The island of Molokai is full of hidden treasures, quaint shops, restaurants and impactful glimpses of Hawaii’s fascinating past. For families opting for a Hawaiian vacation without the crowds and congestion, this island is the place to be and there is no better way to explore Molokai than to venture out on the open road and discover the beauty for yourself.
Before you take off on your route across the island, gear up with a treat from Kamoi Snack-N-Go, where there are over 30 unique flavors of Hawaii-made ice cream. You can also head over to the famous Kanemitsu’s Bakery. Here you can grab some of the beloved Molokai hot bread, as well as other pastries, cookies and baked goods. If you are hoping for something more substantial, there are also breakfast and lunch items such as fried rice plates and servings of fresh fruit.
Kiowea Beach Park: A bit west of Kaunakakai , drivers can stop along the road at the Kiowea Beach Park to check out the thriving fish ponds. The best time to pause here is around sunrise when the sky is streaked with glorious colors over the horizon. If fishponds are particularly interesting to you and your party, then you won’t want to miss the Ali’i Fishponds just east of Kaunakakai, where the ancient Hawaiians established over 60 fishponds in their aquaculture expansion over 800 years ago.
Kapuaiwa Coconut Grove: Just down the road from the Kiowea Beach Park is an impressive forest of coconut palms numbering over 1,000. These were originally planted by King Kamehameha V in the mid 1860’s and now extend over 10 beautiful acres of coastland. Be sure to heed the signs warning of falling coconuts, since this can be a very dangerous (often fatal) threat to unwitting visitors. Kapuaiwa Coconut Grove is also an interesting place to stop on a road trip because just across the street from the grove is a place called Church Row. Though Molokai may not be the most touristy island with an abundance of diverse activities, the same cannot be said about the religious presence on the island. Church Row is a long line of seven churches, each representing a different denomination. Molokai, as a whole, beautifully reflects many historical insights into Hawaii’s past and the variety of churches bear witness to the amount of missionaries that once traveled to this remote paradise.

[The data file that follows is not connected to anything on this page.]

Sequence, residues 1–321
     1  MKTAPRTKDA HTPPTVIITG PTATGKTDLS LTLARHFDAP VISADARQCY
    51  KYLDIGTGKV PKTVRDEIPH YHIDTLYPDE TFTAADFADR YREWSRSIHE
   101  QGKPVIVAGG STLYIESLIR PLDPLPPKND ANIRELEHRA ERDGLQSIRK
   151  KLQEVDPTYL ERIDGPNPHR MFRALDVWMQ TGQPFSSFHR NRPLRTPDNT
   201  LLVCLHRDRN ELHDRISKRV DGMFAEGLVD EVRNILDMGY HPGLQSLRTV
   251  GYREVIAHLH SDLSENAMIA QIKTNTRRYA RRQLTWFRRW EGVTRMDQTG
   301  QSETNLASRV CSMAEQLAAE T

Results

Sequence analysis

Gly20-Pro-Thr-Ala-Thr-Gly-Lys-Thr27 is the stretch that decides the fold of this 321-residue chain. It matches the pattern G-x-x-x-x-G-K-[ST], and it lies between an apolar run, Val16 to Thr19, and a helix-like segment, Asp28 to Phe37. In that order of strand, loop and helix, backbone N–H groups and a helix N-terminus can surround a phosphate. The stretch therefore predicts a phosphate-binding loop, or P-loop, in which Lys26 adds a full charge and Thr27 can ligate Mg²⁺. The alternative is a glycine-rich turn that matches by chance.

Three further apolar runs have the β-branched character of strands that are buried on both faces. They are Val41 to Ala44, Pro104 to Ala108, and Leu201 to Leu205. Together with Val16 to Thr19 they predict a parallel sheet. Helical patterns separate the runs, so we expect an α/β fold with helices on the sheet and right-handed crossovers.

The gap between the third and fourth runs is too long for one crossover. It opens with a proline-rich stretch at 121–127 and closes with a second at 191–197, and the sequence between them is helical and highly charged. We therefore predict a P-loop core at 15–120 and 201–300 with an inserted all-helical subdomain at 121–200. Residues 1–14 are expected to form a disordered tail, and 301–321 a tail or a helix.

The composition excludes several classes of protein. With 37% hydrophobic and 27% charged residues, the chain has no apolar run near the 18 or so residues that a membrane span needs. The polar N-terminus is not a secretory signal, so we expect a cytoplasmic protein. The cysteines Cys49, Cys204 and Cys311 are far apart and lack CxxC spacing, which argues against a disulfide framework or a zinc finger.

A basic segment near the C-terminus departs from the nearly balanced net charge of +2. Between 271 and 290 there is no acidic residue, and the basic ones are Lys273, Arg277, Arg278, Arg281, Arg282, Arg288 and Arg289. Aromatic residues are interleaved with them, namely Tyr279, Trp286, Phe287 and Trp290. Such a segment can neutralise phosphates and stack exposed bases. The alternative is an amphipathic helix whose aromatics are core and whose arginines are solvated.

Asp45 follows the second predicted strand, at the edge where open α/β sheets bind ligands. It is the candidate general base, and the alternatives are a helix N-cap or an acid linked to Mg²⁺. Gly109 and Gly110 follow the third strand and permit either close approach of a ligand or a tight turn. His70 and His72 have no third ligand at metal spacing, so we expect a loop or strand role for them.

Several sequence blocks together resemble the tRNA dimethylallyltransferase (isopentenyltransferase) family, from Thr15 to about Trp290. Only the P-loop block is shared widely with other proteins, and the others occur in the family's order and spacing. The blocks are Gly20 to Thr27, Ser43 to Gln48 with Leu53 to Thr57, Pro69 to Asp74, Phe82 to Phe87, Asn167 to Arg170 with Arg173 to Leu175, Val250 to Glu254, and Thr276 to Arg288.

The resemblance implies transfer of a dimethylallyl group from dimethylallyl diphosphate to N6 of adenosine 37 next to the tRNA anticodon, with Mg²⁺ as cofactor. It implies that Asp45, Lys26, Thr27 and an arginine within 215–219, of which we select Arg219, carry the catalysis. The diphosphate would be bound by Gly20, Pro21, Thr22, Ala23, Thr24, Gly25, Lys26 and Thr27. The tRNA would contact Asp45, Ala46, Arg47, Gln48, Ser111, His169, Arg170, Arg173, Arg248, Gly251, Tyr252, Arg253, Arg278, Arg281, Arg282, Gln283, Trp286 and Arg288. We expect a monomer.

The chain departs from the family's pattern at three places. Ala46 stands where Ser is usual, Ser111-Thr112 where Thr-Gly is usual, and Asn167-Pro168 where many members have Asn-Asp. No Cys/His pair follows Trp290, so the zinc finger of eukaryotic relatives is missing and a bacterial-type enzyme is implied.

Kumimi Beach: This idyllic shoreline is as long as it is picturesque. Protected by a dense reef, these calm lagoons are perfect for swimmers and snorkelers of any age. Pack your picnic and plan to stop at Kumimi Beach (also known as Murphy’s Beach) for some peaceful splashing in the shallows.
Pala’au State Park: One of the features that has put Molokai on the map, are the highest sea cliffs in the Pacific. At Pala’au State Park there is a verdant forest of pine and spruce trees and trails that lead to breathtaking views of the cliffs, the historic Kalaupapa peninsula and the ocean. This is a definite must-do for guests taking a road trip around Molokai.
Coffees of Hawaii : If you find yourself driving along the road to Kualapu’u, make sure to stop by the Coffees of Hawaii plantation to sample the delicious espresso. If you have some time, you could also take a mule-back tour of the coffee farm for a fun family outing to break up the trip. Nearby in Ho’olehua, there is the beloved macadamia nut farm called Purdy’s Natural Macadamia Nuts, where kids and adults can try their hand at cracking some of the fresh and flavorful nuts.
Kualapu’u Cookhouse: One great place to stop for some of the most scrumptious food on the island is the Kualapu’u Cookhouse. Here the portions are huge, great for sharing or devouring all by yourself. From classic plate lunches to fresh ahi tuna and local egg omelets, you will be happy you made time to dine here.
Big Wing Kite Factory: If the road leads you toward the town of Maunaloa, you will find the Big Wing Kite Factory. Hop out of the car and enjoy the western side of Molokai and the stunning views near the factory. The owner offers free kite-flying lessons with his beautifully hand-crafted kites. The store also offers Hawaii-made and internationally imported goods, jewelry and crafts that make great souvenirs to bring home from your trip.
Halawa Valley: Any road trip in Molokai ought to include a visit to Halawa Valley, located on the northeastern side of the island. Visitors should venture here for sights of towering waterfalls, deep rain forests and some of the wildest beauty the Hawaiian Islands have to offer. If you start from Kaunakakai, the drive is roughly 26 miles and only about an hour-long journey next to some of the loveliest vistas of the southern and eastern ends of Molokai.